When applying for a mortgage or loan on a rental property, lenders consider the resale value as part of the underwriting process. A higher resale value allows you to qualify for better terms, such as a lower interest rate.

Bear in mind that capital gains tax (CGT) is applied to any profit you make when selling your rental property. The good news is that from 6th April 2024, the higher rate of CGT on residential property will be lowered from 28% to 24%.

  1. Budgeting: cash vs. mortgage

Cash purchase

As always, buying a property with cash offers the advantage of avoiding mortgage interest payments, but it also means tying up a significant amount of capital upfront.

Buy-to-let mortgage

A buy-to-let mortgage is specifically designed for purchasing investment properties. Qualifying for a buy-to-let mortgage requires meeting several criteria; you’ll typically need to be a homeowner with a strong credit score and an annual income exceeding £25,000. Some lenders may also have age restrictions.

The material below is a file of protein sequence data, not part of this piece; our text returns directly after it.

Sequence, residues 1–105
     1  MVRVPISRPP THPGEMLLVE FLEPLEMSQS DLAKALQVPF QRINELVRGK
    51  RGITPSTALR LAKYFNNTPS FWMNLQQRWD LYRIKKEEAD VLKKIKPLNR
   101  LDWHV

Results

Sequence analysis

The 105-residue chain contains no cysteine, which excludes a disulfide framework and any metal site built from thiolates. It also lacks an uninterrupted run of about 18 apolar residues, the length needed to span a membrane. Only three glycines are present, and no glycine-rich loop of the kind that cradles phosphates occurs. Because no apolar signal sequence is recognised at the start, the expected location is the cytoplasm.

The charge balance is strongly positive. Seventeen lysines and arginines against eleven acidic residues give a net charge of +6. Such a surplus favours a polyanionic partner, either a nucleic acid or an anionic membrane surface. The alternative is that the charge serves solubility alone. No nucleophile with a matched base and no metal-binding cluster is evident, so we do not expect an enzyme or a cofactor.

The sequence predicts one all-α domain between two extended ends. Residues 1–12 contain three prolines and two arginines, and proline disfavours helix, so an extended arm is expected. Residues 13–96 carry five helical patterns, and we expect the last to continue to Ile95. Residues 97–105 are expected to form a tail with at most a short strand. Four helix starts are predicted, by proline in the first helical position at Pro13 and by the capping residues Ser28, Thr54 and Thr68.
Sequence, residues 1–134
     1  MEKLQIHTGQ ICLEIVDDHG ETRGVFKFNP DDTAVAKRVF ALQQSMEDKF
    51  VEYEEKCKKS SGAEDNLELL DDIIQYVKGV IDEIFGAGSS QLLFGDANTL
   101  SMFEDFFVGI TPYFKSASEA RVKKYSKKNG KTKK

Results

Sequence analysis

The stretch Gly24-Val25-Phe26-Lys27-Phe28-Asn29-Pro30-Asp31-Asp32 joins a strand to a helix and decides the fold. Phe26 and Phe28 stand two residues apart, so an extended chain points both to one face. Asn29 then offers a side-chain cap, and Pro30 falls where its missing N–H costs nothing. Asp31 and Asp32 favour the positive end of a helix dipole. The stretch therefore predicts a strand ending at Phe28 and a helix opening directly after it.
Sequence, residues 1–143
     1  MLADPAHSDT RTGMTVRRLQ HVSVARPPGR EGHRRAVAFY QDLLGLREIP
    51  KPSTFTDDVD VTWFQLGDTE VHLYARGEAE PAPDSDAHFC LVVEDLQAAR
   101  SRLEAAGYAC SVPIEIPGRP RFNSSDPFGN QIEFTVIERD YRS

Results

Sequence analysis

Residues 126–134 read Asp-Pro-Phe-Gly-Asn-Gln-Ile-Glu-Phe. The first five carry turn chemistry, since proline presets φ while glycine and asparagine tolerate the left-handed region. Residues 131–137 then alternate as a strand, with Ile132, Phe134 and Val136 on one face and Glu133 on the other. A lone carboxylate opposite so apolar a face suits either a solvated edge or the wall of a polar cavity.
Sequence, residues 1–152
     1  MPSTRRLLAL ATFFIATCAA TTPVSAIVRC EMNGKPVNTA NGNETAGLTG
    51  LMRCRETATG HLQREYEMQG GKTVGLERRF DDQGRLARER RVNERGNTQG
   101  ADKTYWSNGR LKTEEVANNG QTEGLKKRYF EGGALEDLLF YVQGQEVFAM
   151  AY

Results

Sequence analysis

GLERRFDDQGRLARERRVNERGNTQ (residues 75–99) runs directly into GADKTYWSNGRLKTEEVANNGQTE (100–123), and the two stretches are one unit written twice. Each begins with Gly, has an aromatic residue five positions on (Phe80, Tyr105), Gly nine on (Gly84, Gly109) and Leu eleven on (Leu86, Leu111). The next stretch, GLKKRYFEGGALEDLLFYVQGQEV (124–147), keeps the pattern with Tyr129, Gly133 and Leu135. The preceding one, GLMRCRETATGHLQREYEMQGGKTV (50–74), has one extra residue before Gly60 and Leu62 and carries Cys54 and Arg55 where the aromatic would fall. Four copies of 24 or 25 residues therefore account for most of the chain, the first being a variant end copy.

The affordability assessment for a buy-to-let mortgage differs from a standard residential mortgage. Instead of focusing on your personal income, the lender will primarily assess the property’s potential rental income to determine how much you can borrow, as this is what will be used to cover the mortgage payments. To ensure you have a buffer for unexpected vacancies or repairs, lenders will typically require that the monthly rental income is a minimum of 25% higher than your monthly mortgage payments.

Finally, as with any mortgage the size of your deposit will also impact your application. While the minimum deposit for a buy-to-let mortgage is usually 25%, putting down a larger deposit, such as 40%, can give you access to more favorable interest rates, lowering your monthly payments.